Alcohol causes 15,000 deaths each year, almost double the number previously thought, according to new research.
In 2005, one in five deaths among young people aged 16 to 24 were attributable to alcohol, the new figures show. Among men in this age group, a quarter of deaths were alcohol-related.
The researchers said that alcohol consumption was responsible for a “significant proportion of avoidable deaths and hospital admissions” each year.
The Government-commissioned research was carried out at the North West Public Health Observatory (NWPHO).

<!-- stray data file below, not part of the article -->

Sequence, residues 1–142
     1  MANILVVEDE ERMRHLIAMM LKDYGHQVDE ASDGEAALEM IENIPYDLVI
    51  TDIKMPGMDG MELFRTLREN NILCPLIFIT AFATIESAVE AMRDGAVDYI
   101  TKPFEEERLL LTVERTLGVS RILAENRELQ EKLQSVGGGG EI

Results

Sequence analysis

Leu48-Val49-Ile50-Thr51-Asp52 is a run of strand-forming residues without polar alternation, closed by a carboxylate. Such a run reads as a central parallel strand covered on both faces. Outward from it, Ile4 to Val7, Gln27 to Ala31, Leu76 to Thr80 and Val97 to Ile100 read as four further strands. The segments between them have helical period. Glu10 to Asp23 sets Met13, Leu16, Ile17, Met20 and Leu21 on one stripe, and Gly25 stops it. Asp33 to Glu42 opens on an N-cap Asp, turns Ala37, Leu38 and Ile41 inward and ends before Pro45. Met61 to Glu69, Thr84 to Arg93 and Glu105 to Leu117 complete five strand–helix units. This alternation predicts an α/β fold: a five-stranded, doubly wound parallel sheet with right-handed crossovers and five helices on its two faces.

It showed that previous official figures, which put the total at 8,386, had severely underestimated the full extent of the problem, because they only included deaths caused wholly by alcohol-related conditions.
The NWPHO study extended the count to include deaths where alcohol-related conditions were a partial cause.
In their report, the researchers said that limitations in the evidence available meant that the figures “are a conservative estimate of the harm attributable to alcohol consumption”.
Prof Mark Bellis, Director of the NWPHO, said: “Most people do not realise how many of the body’s systems are affected by alcohol and the relationship, for example, between alcohol and cancer, particularly cancer of the digestive system but also breast cancer.”